Within Conceptual Metaphor Theory (CMT) the metaphoric use of “stain” has traditionally been accounted for in terms of the conceptual metaphors GOOD IS CLEAN, BAD IS DIRTY as part of a larger framework on embodied moral reasoning (Johnson 1994, Lakoff and Johnson 1999, Gibbs 2017). This conceptualization involves the claim that we understand and experience unmoral or socially unacceptable behaviors in terms of (interaction with) dirty or filthy objects. However, based on discourse data from psychotherapy I claim that this traditional account only addresses one dimension of stains, that is, their tendency to be perceived as dirt, and thereby misses their status as traces (or signs). In the analyses of psychotherapy data, it is demonstrated that the source domain of the stain metaphor also entails a metonymic dimension based on a relation of contiguity between the stain and the actions leading to the stain. Within this EFFECT FOR CAUSE metonymy (Radden and Kövecses 1999, Littlemore 2015) “stain” can be seen as an effect of the actions that has caused it. Thus, the use of this metaphor points to a conceptualization involving a causal correspondence between 1) our experience of physical contact with filthy objects or entities leading to stains and spots constituting the structure of the source domain; 2) social experiences in which problematic actions or unmoral behavior may lead to an impaired social reputation constituting the structure of the target domain. This also means that 3) the temporal dimensions of stains are mapped onto the severity of an impaired social reputation. A stain is like a mark, it does not go away. This aspect of permanency contributes to the highly negative connotation of “stain” in the sense that the difficulties in removing stains and spots in the physical realm are akin to the challenge of repairing a damaged social reputation – and the other way round as well, the irreversibility of certain actions as similar to unremovable stains.

Thus, the inherent metonymic (or indexical) structure in the source domain of the stain metaphor affords an easy and direct understanding of connections between actions/incidents in the past and their present consequences. In a single expression the metaphor constrains our attention by offering a simple causality in relation to the social effects of past actions.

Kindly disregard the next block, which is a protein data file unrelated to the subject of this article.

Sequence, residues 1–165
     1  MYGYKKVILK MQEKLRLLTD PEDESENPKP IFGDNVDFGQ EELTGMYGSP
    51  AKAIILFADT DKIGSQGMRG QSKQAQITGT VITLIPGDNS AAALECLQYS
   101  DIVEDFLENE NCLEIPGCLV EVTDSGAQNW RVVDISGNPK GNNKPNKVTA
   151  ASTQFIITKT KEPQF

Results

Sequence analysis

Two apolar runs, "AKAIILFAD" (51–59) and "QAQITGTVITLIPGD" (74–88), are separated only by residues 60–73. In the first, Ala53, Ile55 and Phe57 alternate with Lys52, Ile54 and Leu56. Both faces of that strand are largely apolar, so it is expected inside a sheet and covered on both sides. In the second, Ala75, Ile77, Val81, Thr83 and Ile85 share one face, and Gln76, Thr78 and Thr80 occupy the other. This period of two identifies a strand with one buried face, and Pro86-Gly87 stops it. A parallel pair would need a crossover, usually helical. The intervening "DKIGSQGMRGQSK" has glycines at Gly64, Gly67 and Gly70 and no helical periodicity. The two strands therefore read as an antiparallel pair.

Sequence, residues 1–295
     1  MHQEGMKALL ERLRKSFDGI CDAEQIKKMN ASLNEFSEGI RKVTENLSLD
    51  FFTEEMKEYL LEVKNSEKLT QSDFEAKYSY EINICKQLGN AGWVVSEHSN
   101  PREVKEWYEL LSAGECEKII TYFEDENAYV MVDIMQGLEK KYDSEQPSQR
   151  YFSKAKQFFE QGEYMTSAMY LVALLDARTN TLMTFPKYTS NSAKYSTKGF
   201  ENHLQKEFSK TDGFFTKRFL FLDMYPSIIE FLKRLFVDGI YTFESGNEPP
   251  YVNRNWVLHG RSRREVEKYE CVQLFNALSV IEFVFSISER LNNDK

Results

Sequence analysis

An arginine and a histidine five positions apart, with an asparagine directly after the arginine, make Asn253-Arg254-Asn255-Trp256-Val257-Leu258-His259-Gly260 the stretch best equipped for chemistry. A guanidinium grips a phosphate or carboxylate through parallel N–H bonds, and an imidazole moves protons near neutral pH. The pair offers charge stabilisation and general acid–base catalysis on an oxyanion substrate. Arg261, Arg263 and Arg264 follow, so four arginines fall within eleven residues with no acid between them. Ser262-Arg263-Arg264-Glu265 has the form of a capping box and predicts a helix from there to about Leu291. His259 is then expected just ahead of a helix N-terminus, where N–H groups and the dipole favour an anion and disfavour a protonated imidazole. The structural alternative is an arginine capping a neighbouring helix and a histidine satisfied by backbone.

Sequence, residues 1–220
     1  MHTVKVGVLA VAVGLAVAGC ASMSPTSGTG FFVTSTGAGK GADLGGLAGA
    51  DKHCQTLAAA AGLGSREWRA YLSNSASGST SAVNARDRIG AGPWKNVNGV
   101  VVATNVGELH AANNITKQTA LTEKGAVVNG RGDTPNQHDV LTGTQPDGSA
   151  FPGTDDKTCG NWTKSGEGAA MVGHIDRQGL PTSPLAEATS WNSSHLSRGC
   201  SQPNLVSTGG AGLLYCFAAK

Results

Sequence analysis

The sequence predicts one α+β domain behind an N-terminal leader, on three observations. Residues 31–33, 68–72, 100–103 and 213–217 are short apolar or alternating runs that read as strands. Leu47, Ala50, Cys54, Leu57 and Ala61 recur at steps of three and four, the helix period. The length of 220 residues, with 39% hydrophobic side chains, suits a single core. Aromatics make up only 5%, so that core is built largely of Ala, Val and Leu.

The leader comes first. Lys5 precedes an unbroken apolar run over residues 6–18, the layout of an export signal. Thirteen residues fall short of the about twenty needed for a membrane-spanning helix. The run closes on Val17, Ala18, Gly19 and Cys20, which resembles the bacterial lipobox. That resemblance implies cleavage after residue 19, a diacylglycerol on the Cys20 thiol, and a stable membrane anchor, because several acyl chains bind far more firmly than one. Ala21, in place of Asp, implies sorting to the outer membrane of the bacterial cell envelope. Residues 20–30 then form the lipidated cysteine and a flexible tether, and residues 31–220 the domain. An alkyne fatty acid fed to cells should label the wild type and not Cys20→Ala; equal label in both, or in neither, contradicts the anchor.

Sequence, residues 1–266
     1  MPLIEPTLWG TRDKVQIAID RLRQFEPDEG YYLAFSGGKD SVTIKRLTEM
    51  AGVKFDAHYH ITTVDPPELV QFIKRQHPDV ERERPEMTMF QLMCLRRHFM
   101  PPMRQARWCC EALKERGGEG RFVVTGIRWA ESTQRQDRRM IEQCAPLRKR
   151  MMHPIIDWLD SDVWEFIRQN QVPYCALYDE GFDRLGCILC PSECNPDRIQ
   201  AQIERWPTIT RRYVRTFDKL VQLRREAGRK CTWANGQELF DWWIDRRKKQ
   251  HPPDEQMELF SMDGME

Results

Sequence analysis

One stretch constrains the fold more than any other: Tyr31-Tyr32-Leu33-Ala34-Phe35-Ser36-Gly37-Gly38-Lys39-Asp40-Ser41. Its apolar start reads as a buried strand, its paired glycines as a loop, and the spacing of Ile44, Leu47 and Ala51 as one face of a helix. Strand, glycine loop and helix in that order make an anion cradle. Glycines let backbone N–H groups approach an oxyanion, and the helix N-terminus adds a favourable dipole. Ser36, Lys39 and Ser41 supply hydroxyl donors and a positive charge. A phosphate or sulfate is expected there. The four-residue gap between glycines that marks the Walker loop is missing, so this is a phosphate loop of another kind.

Gibbs, R. W. (2017). Metaphor Wars. Cambridge University Press.

Johnson, M. (1994). Moral Imagination: Implications of Cognitive Science for Ethics: University of Chicago Press.

Lakoff, G., & Johnson, M. (1999). Philosophy in the Flesh: The Embodied Mind and Its Challenge to Western Thought. Basic Books.

Littlemore, J. (2015). Metonymy: Hidden Shortcuts in Language, Thought and Communication. Cambridge University Press.

Radden, G. and Kövesces, Z. (1999). Towards a Theory of Metonymy. In K.-U. Panther and G. Radden (eds.) Metonymy in Language and Thought, John Benjamins, 17-59


Plastic hearts: The emotional impact of multimodal metaphor about the ocean plastic crisis and perceptions of how to address it

Niamh Anna O’Dowd, University of Oslo

A recent corpus study shows that multimodal metaphtonymy is a frequent pattern of conceptual interaction found in non-commercial environmental awareness campaigns and primarily serves to highlight the negative effects of issues such as climate change and plastic pollution (Hidalgo-Downing & O’Dowd, 2021). In the data, the authors found that visual and multimodal metonymies depicting threatening entities (e.g. weapons, traps) and dangerous events (e.g. nuclear explosions, natural disasters) provide conceptual access to broader metaphorical messages which compare, for example, plastic pollution to a trap, or climate change to war. These metaphtonymies effectively encapsulate the rhetorical messages underpinning the campaigns by evoking complex arguments in concise and relatable ways for the audience. In research on metaphorical framing effects, studies have traditionally focused on linguistic metaphors in verbal contexts and excluded multimodal contexts (Flusberg et al., 2017; Steen et al., 2014; Thibodeau & Boroditsky, 2011, 2013). Although some recent framing studies have integrated a multimodal element (Flusberg et al., 2020; Hart, 2018), none have investigated the framing effects of metaphor in contexts which exploit language-image relations in creative ways, or which involve creative patterns of conceptual interaction such as metaphtonymy. Similarly, recent research on multimodal advertising and audience responses tends to concentrate on commercial advertising, which generally highlights the positive values of products and evokes pleasant emotions in the audience (Pérez Sobrino et al., 2021; Pérez-Sobrino & Littlemore, 2020). By contrast, this paper asks what role does multimodal metaphtonymy play in the activation of negative emotions towards the issue of plastic pollution in non-commercial ads? How are these emotions characterised? How do they compare between two different multimodal contexts frequently found in the genre, namely a) PLASTIC POLLUTION IS WAR ON NATURE and b) plastic as having conflated with nature? And do these figurative operations also engender a framing effect, as seen in previous studies on linguistic metaphor? The study design follows (Hendricks et al., 2018) and consists of a two-part experimental survey. The first section quantitatively tests for metaphor framing effects; the second consists of free-text response questions designed to gather qualitative data of emotional responses. The study aims to contribute to understanding how individuals emotionally engage with the plastic crisis and to probe the relationship between conceptual construal, reasoning, and emotional response for multimodal, environmental crisis discourse.